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Artists Needed To Further Public Art Project

Artists Needed To Further Public Art ProjectArtists Needed To Further Public Art ProjectArtists Needed To Further Public Art Project

The painter’s canvas is unique to be sure: the four sides of a rectangular, roadside electrical utility box somewhere in Santa Clara. The artistic challenge is to turn a roadside eyesore into an eye-catching commentary about the historical and evolving community of Santa Clara.

Artists are encouraged to have their design reflect what’s happening in the area in which the utility box is located. Michelle Castro has just created such a design for a utility box on Great America Parkway across from Levi’s Stadium, titling it “Our Ladies of Perpetual Football.”

Castro’s design application process was a bit more complicated than just painting. She bought a cheerleading outfit and had friends pose wearing the outfit for photos that were made into large decals. She then glued a different decal to each side of the utility box and hand painted the rest of her design.

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A utility box that Castro painted a couple years ago is located on Homestead Road near Lawrence Expressway at the Kaiser Permanente Medical Center campus. It’s a giant basket of colorful flowers to cheer all the patients and visitors to the medical facility.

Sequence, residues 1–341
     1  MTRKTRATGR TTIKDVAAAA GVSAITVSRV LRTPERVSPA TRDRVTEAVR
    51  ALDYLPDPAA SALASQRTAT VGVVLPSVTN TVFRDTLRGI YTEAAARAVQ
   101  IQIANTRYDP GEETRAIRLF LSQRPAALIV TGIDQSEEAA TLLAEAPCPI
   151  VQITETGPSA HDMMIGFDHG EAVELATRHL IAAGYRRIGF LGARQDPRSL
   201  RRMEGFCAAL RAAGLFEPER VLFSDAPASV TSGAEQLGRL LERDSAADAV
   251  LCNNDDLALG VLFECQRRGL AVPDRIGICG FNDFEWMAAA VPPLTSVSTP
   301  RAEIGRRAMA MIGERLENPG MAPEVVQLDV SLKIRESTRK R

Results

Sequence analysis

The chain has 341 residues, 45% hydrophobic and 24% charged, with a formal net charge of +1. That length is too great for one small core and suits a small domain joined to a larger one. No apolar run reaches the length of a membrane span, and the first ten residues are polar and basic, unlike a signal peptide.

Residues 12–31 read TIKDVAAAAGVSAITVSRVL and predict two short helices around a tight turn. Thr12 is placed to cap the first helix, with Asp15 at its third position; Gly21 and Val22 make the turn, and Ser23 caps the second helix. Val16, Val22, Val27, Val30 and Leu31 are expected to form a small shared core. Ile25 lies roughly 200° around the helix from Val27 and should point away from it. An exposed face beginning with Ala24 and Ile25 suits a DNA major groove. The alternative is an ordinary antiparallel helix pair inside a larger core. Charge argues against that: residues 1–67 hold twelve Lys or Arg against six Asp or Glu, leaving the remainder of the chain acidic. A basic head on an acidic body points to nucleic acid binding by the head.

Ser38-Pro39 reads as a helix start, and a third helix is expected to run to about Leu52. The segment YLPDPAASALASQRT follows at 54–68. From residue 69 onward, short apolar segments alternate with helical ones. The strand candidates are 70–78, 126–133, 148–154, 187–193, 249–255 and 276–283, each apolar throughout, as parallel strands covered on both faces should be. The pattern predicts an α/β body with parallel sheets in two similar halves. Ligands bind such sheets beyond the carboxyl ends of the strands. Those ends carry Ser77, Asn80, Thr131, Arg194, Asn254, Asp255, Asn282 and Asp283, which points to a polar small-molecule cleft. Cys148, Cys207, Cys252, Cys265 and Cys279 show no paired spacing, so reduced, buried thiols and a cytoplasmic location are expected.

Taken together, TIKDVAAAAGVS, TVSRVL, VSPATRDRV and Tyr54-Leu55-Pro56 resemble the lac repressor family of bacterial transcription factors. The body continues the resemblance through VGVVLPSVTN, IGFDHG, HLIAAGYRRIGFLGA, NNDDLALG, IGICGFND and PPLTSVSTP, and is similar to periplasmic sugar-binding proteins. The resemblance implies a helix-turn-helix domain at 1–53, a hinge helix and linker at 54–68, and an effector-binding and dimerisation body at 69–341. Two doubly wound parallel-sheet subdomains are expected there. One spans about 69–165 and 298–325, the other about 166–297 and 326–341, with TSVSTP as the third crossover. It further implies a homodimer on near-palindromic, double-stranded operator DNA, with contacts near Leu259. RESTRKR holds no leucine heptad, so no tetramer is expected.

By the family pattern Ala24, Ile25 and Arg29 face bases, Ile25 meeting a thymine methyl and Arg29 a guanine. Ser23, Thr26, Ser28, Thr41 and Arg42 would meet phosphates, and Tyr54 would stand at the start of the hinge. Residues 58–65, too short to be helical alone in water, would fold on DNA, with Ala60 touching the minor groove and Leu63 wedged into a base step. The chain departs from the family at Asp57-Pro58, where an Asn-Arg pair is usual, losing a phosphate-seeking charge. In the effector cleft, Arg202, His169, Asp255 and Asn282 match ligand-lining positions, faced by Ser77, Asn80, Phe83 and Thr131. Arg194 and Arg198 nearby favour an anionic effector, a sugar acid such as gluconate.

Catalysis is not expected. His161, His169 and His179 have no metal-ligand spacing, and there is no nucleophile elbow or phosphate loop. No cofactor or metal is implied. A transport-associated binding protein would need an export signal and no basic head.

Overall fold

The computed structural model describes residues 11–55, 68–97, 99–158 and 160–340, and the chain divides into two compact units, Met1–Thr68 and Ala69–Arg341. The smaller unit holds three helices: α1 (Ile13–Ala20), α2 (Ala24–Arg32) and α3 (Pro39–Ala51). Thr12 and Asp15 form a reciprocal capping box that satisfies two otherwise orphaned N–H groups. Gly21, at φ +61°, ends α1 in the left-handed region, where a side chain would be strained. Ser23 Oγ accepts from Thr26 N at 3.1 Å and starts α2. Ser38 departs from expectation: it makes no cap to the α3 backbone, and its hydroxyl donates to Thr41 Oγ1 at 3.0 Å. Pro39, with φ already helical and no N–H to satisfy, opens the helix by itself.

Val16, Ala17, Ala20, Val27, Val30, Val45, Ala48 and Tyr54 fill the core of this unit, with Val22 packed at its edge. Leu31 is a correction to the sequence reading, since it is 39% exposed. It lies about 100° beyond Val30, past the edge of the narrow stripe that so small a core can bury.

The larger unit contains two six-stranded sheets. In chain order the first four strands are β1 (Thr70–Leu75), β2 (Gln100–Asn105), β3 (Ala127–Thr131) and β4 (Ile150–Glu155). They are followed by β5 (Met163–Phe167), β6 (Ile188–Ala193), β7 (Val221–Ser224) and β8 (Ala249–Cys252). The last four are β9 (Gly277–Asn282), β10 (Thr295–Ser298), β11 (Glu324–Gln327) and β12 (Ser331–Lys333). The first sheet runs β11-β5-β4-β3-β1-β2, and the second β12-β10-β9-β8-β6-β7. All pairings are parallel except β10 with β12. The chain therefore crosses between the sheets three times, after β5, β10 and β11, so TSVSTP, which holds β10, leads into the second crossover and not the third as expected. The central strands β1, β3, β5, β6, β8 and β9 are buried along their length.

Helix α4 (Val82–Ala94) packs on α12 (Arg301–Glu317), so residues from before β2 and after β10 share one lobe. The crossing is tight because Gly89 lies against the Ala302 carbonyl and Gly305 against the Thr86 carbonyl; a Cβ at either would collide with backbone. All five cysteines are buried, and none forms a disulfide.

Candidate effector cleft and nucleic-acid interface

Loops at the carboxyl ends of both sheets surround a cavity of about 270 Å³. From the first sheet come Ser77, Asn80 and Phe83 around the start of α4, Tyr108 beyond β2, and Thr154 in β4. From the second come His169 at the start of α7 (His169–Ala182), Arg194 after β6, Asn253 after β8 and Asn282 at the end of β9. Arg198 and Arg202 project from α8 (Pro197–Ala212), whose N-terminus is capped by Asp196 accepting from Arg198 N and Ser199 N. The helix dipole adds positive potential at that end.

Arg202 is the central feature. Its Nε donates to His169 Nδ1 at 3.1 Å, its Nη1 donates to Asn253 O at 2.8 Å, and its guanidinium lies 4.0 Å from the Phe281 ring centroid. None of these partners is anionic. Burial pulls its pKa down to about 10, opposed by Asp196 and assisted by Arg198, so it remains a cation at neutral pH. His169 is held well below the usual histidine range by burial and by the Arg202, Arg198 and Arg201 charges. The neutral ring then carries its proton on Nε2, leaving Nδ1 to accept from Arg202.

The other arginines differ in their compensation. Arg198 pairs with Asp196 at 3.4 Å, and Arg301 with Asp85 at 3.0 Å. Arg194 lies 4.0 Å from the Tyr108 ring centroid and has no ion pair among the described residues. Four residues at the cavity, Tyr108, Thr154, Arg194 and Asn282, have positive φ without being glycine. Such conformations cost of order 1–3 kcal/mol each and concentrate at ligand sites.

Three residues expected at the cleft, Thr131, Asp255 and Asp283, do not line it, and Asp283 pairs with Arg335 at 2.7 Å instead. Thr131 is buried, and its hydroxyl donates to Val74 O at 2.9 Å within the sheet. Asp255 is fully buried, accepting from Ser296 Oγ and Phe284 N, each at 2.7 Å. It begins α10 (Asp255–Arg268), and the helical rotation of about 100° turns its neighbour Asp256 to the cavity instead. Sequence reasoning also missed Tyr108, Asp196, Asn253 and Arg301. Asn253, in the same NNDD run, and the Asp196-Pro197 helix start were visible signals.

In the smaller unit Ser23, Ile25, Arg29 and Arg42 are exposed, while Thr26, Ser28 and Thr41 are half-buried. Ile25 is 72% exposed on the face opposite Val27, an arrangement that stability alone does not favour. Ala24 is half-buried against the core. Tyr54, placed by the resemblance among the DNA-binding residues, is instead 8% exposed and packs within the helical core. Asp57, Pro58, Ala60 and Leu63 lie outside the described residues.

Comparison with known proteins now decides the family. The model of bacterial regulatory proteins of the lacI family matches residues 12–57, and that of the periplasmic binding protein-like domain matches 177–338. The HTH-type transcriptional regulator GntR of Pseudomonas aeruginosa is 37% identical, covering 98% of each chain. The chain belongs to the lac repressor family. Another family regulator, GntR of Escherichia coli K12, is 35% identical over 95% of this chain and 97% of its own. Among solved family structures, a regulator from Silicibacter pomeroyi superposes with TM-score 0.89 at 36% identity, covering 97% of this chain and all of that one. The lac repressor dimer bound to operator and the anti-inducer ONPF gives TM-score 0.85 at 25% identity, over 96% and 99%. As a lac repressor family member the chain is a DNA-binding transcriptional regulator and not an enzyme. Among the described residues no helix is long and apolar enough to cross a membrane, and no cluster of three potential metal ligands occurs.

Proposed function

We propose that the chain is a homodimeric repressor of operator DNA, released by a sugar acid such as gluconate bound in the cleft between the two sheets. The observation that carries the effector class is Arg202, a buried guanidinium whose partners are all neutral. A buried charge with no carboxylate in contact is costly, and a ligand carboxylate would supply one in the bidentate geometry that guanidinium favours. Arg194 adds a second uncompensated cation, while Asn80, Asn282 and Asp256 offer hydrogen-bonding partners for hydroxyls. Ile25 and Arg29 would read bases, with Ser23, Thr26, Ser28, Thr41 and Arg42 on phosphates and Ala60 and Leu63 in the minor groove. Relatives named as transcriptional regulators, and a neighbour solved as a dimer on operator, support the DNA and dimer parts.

“Instead of a gray box, now people can look at somebody’s inspiration,” says Castro. “It changes the look of everything because it’s outdoor art.”

Only five out of more than a hundred utility boxes scattered throughout the city have been painted as part of the Utility Box Art Project sponsored by the City of Santa Clara and its Cultural Commission.

“This is an excellent opportunity for local and regional artists,” says Bunny Lockwood, Cultural Commission chair, going on to list the benefits to the community of having the public outdoor art.

“It’s been successful throughout the nation as an anti-graffiti measure. It really helps to beautify the neighborhoods. It’s a conversation piece,” says Lockwood.

The creative art design should tell a piece of the story of Santa Clara. A rendering of the proposed design must be submitted to and approved by the Cultural Commission. In 2013, Girl Scout Troop 60728 painted the utility box at the intersection of Scott Blvd. and Homestead Rd. It depicts orchards, an old farmhouse, the Mission and Levi’s stadium.

The Rhythm of Santa Clara, as visualized by artist Claudia, brightens the utility box at the intersection of Pruneridge and Saratoga Avenues. A fifth painted utility box is located at the Mission City Center for the Performing Arts on Monroe St. at Calabazas Ave., by Wilcox High School. Two additional design proposals have recently been approved.

Utility box artists don’t have to live in Santa Clara. Materials are provided by the City, and artists receive a small stipend at completion of the project. This is an on-going art project without a deadline (contrary to the January deadline now listed in the application packet).

“The Utility Box Art Project gives artists a chance to get noticed and recognized,” says Castro. “We really need to get going on this project.”

Detailed information and an application can be found on the City’s website: www.santaclaraca.gov/government/board-commissions/cultural-commission. Click on the link located just above the pictures of the commissioners: www.santaclaraca.gov/home/showdocument?id=15787. For questions, contact the City Manager’s office: (408) 615-2210 or email the commission: culturalcommission@santaclaraca.gov.

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